Apple Computer developed the FireWire interface during the 1990s. It began to appear on digital video cameras toward the end of the decade, and on G3 Macintosh models in 1999. It was created for use with multimedia applications. Unlike USB, FireWire uses intelligent controllers that can manage their own transmission without attention from the main CPU. As with standard MIDI devices, FireWire devices can communicate with each other with no computer present.
The Octave-Plateau Voyetra-8 synthesizer was an early MIDI implementation using XLR3 connectors in place of the 5-pin DIN. It was released in the pre-MIDI years and later retrofitted with a MIDI interface but keeping its XLR connector.
Serial parallel, and joystick port
As computer-based studio setups became common, MIDI devices that could connect directly to a computer became available. These typically used the 8-pin mini-DIN connector that was used by Apple for serial and printer ports prior to the introduction of the Blue & White G3 models. MIDI interfaces intended for use as the centerpiece of a studio, such as the Mark of the Unicorn MIDI Time Piece, were made possible by a "fast" transmission mode that could take advantage of these serial ports' ability to operate at 20 times the standard MIDI speed. Mini-DIN ports were built into some late-1990s MIDI instruments, and enabled such devices to be connected directly to a computer. Some devices connected via PCs' DB-25 parallel port, or through the joystick port found in many PC sound cards.
Yamaha introduced the mLAN protocol in 1999. It was conceived as a Local Area Network for musical instruments using FireWire as the transport, and was designed to carry multiple MIDI channels together with multichannel digital audio, data file transfers, and time code. mLan was used in a number of Yamaha products, notably digital mixing consoles and the Motif synthesizer, and in third-party products such as the PreSonus FIREstation and the Korg Triton Studio. No new mLan products have been released since 2007.
The computer network implementation of MIDI provides network routing capabilities, and provides the high-bandwidth channel that earlier alternatives to MIDI, such as ZIPI, were intended to bring. Proprietary implementations have existed since the 1980s, some of which use fiber optic cables for transmission. The Internet Engineering Task Force's RTP MIDI open specification is gaining industry support, as proprietary MIDI/IP protocols require expensive licensing fees, or provide no advantage, apart from speed, over the original MIDI protocol. Apple has supported this protocol from Mac OS X 10.4 onwards, and a Windows driver based on Apple's implementation exists for Windows XP and newer versions.
Systems for wireless MIDI transmission have been available since the 1980s. Several commercially available transmitters allow wireless transmission of MIDI and OSC signals over Wi-Fi and Bluetooth. iOS devices are able to function as MIDI control surfaces, using Wi-Fi and OSC. An XBee radio can be used to build a wireless MIDI transceiver as a do-it-yourself project. Android devices are able to function as full MIDI control surfaces using several different protocols over Wi-Fi and Bluetooth.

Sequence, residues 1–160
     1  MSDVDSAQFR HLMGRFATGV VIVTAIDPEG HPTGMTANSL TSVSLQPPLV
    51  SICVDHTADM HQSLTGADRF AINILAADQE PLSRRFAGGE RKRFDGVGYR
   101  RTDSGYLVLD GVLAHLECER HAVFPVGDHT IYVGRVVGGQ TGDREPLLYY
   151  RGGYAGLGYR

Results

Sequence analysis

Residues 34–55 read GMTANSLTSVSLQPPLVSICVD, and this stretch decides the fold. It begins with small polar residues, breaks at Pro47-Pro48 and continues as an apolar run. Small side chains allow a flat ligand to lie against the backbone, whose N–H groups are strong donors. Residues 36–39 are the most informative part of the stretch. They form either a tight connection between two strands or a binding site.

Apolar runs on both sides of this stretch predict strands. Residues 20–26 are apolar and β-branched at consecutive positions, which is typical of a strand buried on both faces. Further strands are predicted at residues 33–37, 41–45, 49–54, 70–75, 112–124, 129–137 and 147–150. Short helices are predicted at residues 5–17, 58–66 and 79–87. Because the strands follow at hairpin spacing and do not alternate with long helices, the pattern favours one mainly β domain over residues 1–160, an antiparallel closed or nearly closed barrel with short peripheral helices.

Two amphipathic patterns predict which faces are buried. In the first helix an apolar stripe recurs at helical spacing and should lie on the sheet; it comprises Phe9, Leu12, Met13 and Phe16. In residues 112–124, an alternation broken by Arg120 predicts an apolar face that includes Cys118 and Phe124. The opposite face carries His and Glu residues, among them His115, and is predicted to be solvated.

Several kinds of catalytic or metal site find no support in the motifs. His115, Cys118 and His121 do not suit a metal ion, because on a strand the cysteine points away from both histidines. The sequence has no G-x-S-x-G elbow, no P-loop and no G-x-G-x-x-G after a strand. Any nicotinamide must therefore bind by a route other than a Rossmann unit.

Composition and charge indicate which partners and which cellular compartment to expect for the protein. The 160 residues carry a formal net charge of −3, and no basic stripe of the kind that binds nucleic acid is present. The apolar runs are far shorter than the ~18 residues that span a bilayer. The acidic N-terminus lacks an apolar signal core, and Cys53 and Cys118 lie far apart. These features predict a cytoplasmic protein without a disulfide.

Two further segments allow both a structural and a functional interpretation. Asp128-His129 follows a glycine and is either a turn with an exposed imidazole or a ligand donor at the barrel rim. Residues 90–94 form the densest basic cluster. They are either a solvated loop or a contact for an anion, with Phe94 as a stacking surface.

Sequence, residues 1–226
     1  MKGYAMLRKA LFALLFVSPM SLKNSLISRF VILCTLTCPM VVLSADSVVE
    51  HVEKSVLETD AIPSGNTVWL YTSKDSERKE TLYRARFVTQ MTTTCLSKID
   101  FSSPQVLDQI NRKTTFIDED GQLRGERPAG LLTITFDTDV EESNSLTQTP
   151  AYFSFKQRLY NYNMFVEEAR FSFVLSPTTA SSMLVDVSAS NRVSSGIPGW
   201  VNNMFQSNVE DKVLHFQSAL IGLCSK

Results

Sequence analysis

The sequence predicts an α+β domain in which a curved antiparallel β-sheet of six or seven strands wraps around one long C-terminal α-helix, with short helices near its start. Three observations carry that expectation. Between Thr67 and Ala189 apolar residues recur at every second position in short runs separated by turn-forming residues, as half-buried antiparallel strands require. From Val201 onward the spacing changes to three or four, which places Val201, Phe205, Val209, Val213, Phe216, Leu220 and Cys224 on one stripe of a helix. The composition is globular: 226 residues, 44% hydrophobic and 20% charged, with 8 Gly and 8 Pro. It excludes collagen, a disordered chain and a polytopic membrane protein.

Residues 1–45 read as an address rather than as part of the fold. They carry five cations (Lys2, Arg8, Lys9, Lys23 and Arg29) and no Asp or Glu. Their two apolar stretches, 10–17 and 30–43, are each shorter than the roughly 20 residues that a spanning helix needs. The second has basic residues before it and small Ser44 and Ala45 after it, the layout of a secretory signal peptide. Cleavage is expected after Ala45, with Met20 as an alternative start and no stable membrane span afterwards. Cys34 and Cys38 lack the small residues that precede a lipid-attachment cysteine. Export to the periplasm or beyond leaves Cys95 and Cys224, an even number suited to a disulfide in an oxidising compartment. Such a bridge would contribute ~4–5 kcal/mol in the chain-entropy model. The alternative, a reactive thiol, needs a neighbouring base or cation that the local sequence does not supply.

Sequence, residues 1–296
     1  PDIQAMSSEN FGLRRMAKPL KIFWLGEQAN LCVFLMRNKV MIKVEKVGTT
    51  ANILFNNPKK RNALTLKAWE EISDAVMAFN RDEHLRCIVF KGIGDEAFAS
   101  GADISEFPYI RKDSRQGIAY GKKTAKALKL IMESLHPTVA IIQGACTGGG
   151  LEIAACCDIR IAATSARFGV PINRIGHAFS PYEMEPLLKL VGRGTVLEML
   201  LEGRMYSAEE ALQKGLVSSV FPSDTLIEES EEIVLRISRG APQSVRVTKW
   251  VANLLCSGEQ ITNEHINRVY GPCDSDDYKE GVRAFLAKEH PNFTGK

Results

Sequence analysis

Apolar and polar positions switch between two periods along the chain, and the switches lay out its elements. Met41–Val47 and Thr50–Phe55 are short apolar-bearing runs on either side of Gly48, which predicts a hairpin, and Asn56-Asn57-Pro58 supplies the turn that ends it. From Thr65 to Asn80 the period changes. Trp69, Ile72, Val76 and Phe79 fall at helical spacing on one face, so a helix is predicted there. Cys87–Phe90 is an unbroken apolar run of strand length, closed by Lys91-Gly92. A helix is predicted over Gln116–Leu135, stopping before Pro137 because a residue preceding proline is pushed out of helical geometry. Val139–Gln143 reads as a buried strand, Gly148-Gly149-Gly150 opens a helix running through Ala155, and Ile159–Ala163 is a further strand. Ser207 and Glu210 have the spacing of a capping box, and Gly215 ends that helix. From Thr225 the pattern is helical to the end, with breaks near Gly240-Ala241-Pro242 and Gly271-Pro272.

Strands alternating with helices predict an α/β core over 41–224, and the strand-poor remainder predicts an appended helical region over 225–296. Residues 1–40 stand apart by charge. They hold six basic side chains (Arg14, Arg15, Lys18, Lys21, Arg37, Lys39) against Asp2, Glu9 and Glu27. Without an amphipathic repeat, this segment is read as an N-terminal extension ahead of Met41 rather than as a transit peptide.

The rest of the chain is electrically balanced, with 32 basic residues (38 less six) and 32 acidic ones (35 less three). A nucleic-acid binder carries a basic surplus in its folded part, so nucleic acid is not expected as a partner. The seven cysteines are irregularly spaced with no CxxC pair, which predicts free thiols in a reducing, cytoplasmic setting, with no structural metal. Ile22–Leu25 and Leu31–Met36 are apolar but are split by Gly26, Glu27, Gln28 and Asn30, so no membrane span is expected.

3.5mm audio jack
Some devices use standard TRS audio minijack connectors for MIDI data, including the Korg Electribe 2 and the Arturia Beatstep Pro. Both come with adaptors that break out to standard 5-pin DIN connectors.
A new version of MIDI tentatively called "HD Protocol" or "High-Definition Protocol" has been under discussion since 2005, when it was announced as "HD-MIDI". This new standard offers full backward compatibility with MIDI 1.0 and is intended to support higher-speed transports, allow plug-and-play device discovery and enumeration, and provide greater data range and resolution. The numbers of channels and controllers are to be increased and messages are to be simplified. Entirely new kinds of events will be supported, such as a Note Update message and Direct Pitch in the Note message which are aimed at guitar controllers. Proposed physical layer transports include Ethernet-based protocols such as RTP MIDI and Audio Video Bridging. The HD Protocol and a User Datagram Protocol (UDP)-based transport are under review by MMA's High-Definition Protocol Working Group (HDWG), which includes representatives from all sizes and types of companies.
Prototype devices based on the draft standard have been shown privately at NAMM using wired and wireless connections, however it is uncertain if and when the new protocol will be picked up by the industry. As of 2015, the HD Protocol specifications are nearing completion and MMA develops the policies on licensing and product certification. MIDI connectivity and a software synthesizer is still included in Linux, Windows, OS X, iOS. USB MIDI interfaces are supported by Android 6.0.
Another development of the MIDI specification gaining wide adoption is MPE (Multidimensional Polyphonic Expression). This is a method of using MIDI that enables devices with several dimensions of continuous per-note control to interact with MPE-compatible synthesizers and software. Instruments like the Continuum Fingerboard, Linnstrument, and Seaboard let users control pitch, timbre, and other nuances for individual notes within chords. A growing number of soft synths are now compatible with MPE, such as Strobe 2, Equator, and UVI Falcon. MPE works by assigning each note to its own MIDI channel so that particular messages can be applied to each note individually.